Forget race fitness, between the drama of the Languedoc Tour and the last minute roster changes in Holland, perservance was the biggest necessity our team needed over the past few weeks. More often than not, and especially in women’s cycling, we get dealt a wild card and the only thing to do is power through, but with perseverance comes performance!
I arrived in France for the Languedoc Tour only to find out it might be cancelled. The six day Tour is special on the women’s calendar, with long stages and lots of climbing. But without sponsors to pay the bank garauntee to the police, it didn’t seem like we were going to make it off the start line. With so much already invested in the tour, the entire Lotto Belisol team decided to stick it out and persevere through the drama. A lot of the bigger teams took a stand and left but, like many of the smaller women’s teams, we just couldn’t afford to abandon the opportunity.
After a day’s delay, we finally got the go ahead but, as if the drama had made its way into my legs, I started off unsure about my racing form. Stage after stage, however, I felt increasingly stronger and, for the first time, experienced what it was like to “ride into form” during a tour. It was an incredible feeling to gain momentum throughout the race. I tried my best to close the 3 second gap between myself and the podium but in the end I finished the tour in 4th.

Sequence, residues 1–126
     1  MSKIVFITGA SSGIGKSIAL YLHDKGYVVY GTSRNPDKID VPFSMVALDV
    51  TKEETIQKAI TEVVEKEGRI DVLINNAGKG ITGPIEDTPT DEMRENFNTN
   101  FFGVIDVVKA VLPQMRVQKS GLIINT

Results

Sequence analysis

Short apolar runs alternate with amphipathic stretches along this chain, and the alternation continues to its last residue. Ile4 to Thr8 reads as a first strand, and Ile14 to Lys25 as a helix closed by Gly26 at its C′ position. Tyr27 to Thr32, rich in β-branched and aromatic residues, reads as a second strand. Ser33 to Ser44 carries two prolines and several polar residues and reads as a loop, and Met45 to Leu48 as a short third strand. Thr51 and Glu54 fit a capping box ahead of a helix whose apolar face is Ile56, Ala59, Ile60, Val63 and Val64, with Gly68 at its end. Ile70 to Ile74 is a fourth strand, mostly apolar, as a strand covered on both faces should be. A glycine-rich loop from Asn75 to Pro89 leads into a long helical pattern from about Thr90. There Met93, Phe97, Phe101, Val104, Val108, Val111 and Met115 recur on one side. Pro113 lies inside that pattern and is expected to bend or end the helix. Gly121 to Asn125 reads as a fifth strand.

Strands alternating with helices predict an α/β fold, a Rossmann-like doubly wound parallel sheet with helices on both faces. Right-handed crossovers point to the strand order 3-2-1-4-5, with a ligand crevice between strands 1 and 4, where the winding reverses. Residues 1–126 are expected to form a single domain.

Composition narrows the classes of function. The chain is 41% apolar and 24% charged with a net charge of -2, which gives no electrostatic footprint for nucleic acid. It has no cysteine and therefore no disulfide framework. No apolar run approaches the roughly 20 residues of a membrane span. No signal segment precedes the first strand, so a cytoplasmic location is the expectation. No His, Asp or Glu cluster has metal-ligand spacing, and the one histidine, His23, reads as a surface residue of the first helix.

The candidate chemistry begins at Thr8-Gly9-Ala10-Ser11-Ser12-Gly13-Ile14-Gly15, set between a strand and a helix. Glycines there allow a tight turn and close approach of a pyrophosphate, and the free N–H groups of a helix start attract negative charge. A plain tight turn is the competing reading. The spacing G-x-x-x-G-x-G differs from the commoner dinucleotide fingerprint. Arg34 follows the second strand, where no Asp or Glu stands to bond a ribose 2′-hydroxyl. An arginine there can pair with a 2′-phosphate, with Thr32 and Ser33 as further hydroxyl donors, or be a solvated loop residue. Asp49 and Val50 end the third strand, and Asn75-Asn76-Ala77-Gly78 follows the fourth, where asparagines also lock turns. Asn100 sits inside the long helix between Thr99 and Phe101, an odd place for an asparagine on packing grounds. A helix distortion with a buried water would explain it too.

Immediately after the tour finished, I left France and headed to Holland with 800 kilometres of racing in my legs. I wasn’t planning on racing the Holland Hills Classic, but with a few sick teammates and a roster shuffle, I found myself preparing to race again. With a tour and a day of travel in my legs, I wasn’t exactly ideally prepared but, again, I just needed to push through!
We stayed positive and the team spirit was so uplifting, but as soon as we rolled off the start line I found myself doubting. There is a different racing style in Holland, so I was struggling to move in the bunch. I started to regret even going to Holland and it felt like everyone else was fresh. The only thing I could do was keep fighting.
As the race settled down with the start of the first climb, about 20km into the race, so did my mind and soon after I was in a break with 5 other riders. With my racing head back on my shoulders, I also realised I hadn’t left my legs in France; I felt strong and fresh!
As the race progressed, our small break became a group of 14 riders, and alone, I was severely outnumbered. Attacks came fast and frequent from teams trying to put a rider away for a solo win, particularly from Rabobank who had 5 representatives. I managed to stick out all the attacks and, going with my gut, I decided two climbs out it would be a sprint finish and that I was going to be in the action.
On the final corner, right up the middle, a gap opened. I knew it was my opportunity, so I chased it, full speed ahead. I powered forward but I prepared myself for someone to come past. I just kept pushing for the finish and suddenly, almost unawares, I was on the line! I was so focused on getting through the race that I was totally unprepared for the win. I looked around to double check what had actually just happened and then I started to think: “maybe I should put my hands up…”
Lesson learnt, with perseverance comes performance, and looking back I’m thankfull for my last minute opportunity to race the Holland Hills Classic